Livni Joins Netanyahu’s Coalition

21 Feb

Livni Joins Netanyahu’s Coalition

Local Editor

Tzipi Livni is set to be the so-called “Israeli” justice minister under the first coalition agreement since the January 22 general election, which was signed Tuesday between “Israeli” Prime Minister Benjamin Netanyahu and Livni’s “Hatnuah” party.

In televised remarks, Netanyahu said the union with Livni was intended to create a “broad and stable government that unites the people.”
He said he wanted to face down what he called the “tremendous challenges” posed by Iran’s nuclear program and unrest in neighboring Arab states.
Netanyahu said “Israel” must “make every effort to promote a responsible peace process with the Palestinians,” adding that he hoped for a resumption of the talks that were suspended over “Israeli” construction in West Bank settlements.
Livni, 54, cited a “strategic and moral imperative to leave no stone unturned, to exhaust any possibility and become a part of any government that commits to bringing peace” as her reason for deciding to join the coalition.

At a joint press conference Livni and Netanyahu stressed that their mutual goals had trumped their disagreements and paved the way for the agreement.
“We are joining the government first because Iran, Syria and the Palestinians are no less urgent that sharing the burden and the high cost of living,” Livni said.
Netanyahu said the two had agreed “to set our differences aside and overcome old rivalries to combine forces for the sake of “Israel”.”
Meanwhile, Livni will join the inner cabinet and will be “Israeli” government’s exclusive negotiator with the Palestinians. Netanyahu will promise not to conduct separate talks to cut Livni out of the process.

“Hatnuah”, which has six Knesset seats, will receive an additional cabinet portfolio, most likely that of environmental protection, according to party sources.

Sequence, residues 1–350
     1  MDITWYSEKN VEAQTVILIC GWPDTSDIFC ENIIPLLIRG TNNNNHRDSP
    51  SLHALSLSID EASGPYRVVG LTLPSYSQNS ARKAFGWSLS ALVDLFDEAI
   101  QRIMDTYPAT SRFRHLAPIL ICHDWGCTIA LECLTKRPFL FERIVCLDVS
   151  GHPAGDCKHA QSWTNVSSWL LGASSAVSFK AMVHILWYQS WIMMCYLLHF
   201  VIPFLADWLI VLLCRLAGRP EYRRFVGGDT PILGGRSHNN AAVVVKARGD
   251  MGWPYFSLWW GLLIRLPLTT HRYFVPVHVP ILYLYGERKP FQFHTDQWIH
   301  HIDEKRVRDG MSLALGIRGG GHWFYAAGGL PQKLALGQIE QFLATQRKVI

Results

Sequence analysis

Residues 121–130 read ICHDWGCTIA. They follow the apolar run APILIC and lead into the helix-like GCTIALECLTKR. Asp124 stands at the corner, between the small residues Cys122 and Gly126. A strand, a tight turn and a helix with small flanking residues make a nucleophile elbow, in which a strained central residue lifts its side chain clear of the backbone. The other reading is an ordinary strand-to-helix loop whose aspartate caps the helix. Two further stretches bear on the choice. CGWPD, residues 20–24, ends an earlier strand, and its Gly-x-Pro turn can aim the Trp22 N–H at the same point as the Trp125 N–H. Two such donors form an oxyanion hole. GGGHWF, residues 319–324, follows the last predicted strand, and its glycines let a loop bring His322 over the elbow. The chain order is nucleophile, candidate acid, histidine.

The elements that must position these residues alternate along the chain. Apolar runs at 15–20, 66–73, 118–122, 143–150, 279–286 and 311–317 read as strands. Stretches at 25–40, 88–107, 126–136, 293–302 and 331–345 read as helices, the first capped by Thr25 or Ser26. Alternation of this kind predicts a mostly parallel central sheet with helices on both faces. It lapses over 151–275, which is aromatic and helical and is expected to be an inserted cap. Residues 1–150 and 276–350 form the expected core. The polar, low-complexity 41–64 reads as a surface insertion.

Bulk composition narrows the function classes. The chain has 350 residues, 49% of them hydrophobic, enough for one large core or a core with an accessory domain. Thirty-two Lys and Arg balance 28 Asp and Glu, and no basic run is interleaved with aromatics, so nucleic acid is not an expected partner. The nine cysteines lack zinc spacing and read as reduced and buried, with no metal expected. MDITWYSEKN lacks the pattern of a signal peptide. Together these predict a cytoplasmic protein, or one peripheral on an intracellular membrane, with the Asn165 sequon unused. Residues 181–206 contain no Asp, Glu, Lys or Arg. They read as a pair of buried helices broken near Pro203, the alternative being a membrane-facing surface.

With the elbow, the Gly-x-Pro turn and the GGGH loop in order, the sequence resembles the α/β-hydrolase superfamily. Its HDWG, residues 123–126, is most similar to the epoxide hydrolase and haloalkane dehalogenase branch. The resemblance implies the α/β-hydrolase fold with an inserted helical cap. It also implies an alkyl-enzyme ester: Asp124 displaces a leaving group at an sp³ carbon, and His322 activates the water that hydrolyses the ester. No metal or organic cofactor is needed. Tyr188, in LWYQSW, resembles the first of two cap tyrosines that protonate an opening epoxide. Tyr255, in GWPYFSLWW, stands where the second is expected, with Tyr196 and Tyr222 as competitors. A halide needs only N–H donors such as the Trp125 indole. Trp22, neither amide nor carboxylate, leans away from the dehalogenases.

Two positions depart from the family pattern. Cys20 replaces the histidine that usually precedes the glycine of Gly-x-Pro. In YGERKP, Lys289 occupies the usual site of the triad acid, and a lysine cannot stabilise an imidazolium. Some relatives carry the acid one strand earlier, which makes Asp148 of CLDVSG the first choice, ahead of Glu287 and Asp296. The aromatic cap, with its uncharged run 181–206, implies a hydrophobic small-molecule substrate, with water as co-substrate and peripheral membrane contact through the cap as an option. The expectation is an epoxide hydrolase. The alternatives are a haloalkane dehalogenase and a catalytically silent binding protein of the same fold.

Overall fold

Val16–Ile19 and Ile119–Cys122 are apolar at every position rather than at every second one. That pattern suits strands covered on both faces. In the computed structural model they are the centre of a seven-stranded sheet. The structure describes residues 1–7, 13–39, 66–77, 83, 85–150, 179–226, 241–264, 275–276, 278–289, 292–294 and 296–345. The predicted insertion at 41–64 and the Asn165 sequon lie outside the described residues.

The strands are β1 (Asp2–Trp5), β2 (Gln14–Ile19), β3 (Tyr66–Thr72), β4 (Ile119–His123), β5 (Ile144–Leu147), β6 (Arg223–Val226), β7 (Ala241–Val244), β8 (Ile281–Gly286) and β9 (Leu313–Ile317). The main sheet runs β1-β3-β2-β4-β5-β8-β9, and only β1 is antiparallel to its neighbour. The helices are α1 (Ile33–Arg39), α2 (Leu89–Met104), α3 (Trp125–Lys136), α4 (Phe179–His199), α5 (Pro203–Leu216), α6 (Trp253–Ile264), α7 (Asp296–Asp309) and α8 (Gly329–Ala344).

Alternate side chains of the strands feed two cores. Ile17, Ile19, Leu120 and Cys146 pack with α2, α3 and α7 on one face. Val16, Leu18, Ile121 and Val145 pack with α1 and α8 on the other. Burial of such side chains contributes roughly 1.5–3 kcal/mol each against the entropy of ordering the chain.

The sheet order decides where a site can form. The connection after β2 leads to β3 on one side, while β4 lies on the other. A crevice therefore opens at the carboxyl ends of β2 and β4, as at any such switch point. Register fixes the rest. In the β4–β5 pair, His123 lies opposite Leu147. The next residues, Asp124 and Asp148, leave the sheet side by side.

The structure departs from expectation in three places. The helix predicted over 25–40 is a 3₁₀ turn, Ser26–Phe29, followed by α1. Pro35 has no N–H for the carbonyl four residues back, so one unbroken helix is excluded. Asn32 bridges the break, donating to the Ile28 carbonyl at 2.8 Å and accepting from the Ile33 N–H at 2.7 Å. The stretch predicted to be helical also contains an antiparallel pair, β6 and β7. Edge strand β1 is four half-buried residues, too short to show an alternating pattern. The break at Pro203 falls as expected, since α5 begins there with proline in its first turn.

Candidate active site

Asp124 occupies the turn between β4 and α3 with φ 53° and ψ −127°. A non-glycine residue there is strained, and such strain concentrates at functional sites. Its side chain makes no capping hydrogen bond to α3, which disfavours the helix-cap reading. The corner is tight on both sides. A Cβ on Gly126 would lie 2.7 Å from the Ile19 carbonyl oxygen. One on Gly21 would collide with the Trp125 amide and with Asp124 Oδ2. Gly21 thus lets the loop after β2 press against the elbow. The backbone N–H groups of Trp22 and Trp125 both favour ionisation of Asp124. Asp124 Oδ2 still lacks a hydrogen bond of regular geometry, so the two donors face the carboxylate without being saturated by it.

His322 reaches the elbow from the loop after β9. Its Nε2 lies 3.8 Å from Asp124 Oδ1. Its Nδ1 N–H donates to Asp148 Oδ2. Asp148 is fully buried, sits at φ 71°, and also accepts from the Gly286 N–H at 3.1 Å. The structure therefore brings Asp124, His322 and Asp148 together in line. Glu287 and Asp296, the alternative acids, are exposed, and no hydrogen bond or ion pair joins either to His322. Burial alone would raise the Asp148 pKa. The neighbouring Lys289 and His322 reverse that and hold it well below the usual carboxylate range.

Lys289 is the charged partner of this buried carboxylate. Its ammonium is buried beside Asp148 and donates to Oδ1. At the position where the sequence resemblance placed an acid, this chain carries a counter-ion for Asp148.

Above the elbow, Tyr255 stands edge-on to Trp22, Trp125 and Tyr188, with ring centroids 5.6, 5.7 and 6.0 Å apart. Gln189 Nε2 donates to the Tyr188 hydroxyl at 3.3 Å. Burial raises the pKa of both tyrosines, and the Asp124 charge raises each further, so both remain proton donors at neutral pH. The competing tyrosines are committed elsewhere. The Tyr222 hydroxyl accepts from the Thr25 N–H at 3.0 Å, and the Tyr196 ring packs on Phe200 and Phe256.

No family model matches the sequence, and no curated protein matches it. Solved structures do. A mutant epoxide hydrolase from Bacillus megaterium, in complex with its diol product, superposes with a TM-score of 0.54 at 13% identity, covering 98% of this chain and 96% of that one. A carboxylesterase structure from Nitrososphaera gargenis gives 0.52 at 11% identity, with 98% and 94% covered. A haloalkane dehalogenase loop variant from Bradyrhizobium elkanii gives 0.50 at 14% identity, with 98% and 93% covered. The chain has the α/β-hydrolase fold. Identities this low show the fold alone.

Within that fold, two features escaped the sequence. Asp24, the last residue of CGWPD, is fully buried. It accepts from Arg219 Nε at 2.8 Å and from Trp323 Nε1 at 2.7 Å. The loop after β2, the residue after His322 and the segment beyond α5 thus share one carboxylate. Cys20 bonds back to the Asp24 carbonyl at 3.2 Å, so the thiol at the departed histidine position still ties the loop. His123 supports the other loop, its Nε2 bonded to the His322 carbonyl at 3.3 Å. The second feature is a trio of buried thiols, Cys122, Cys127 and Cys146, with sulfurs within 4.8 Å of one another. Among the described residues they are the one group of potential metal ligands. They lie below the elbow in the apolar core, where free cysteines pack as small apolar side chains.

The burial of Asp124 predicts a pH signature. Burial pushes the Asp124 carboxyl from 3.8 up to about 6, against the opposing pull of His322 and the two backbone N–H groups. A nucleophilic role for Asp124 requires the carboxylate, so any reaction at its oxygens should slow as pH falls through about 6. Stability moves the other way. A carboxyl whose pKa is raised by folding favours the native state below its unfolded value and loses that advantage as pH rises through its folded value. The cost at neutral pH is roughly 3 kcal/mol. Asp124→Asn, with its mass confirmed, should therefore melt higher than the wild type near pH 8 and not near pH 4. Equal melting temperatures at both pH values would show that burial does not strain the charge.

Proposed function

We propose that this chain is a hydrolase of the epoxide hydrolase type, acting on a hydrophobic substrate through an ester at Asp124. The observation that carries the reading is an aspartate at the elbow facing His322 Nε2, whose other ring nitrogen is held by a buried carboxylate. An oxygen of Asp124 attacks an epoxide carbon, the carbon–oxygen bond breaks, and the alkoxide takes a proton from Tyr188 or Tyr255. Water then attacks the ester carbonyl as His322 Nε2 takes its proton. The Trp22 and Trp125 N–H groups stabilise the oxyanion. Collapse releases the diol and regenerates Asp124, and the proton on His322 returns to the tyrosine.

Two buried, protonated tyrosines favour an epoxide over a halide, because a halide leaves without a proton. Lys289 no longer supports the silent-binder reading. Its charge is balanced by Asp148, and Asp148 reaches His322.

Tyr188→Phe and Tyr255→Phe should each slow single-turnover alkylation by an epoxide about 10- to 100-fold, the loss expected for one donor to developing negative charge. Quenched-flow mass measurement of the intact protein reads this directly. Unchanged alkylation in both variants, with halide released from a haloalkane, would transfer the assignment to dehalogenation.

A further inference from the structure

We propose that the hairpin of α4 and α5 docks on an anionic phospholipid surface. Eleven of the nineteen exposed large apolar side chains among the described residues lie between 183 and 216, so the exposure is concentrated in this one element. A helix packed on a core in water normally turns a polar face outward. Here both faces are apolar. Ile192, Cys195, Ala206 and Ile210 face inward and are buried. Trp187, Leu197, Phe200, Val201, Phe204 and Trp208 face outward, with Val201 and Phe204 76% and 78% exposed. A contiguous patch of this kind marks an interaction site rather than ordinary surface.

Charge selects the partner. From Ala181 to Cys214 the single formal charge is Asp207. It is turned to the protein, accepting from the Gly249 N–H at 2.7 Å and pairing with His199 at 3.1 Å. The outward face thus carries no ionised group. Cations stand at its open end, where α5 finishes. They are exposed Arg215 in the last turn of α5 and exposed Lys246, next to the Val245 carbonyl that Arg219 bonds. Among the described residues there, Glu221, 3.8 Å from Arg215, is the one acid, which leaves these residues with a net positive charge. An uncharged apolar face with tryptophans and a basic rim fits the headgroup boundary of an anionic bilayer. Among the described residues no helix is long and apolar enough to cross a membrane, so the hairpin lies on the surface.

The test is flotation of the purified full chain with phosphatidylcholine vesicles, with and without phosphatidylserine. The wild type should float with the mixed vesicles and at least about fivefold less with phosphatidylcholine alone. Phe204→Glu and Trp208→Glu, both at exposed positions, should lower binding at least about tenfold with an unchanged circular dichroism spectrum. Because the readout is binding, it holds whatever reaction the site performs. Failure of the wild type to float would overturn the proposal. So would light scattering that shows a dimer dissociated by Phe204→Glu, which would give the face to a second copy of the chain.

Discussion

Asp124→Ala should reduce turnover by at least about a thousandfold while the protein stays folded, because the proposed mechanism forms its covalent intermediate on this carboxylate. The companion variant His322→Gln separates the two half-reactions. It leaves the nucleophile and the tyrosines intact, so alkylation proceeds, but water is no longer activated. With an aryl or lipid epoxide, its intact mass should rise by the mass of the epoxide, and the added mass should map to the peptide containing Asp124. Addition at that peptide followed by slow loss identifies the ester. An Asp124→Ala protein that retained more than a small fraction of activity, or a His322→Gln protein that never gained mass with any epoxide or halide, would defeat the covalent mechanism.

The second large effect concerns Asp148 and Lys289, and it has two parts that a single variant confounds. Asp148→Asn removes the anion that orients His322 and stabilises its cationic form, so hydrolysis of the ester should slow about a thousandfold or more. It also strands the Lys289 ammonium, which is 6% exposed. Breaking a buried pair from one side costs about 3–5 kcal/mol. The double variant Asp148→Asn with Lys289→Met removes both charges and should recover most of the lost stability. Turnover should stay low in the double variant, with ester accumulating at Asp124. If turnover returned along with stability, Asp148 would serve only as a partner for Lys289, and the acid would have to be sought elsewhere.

Any agreement reached with the Palestinians will be submitted to a vote in the cabinet and in the Knesset. Party discipline will be suspended, allowing MKs to vote according to their conscience.
Speaking to Haaretz shortly after the announcement Tuesday, Livni said, “I won’t be a fig leaf for the Netanyahu government. I have full authority to run the negotiations” with the Palestinians, she said.

Livni was referring to her campaign promise not to enter a right wing-“Haredi” coalition alone. She said that while such a coalition was possible, it was not up to her.

“In the past, Netanyahu first brought in his natural partners and then turned to us. This time it’s different,” she said, adding that Hatnuah’s being the first party to join the coalition sent a message to other potential coalition partners. “All the extremism that gained expression last time doesn’t exist this time.”
Livni said she was persuaded, after speaking with Netanyahu several times after the election, that he understands the importance of the so-called peace process.
“He is aware of “Israel’s” situation in the world. He is aware of the danger of international isolation. He understands the status quo cannot continue,” Livni said.
Likud officials in charge of coalition negotiations said that in agreeing to join the new government “Hatnuah” was the “first domino” to fall, with Shas and Kadima expected to follow.
Sources close to the Shas coalition negotiations told Haaretz that in the past 48 hours there has been significant progress in talks with the Likud team, but there are still substantial gaps, especially over plans to draft ultra-Orthodox men.
Some members of “Likud-Yisrael Beiteinu” speculated Tuesday that Netanyahu may try to build a coalition of 57 MKs, including “Shas”, “United Torah Judaism”, Hatnuah and Kadima, and then give “Habayit Hayehudi” an ultimatum: Either join the government or call a new election.

They predicted Bennett would come crawling to Netanyahu, adding that Livni’s move severely weakened the bargaining positions of both Bennett and Yair Lapid.”

Source: Haaretz, Edited by

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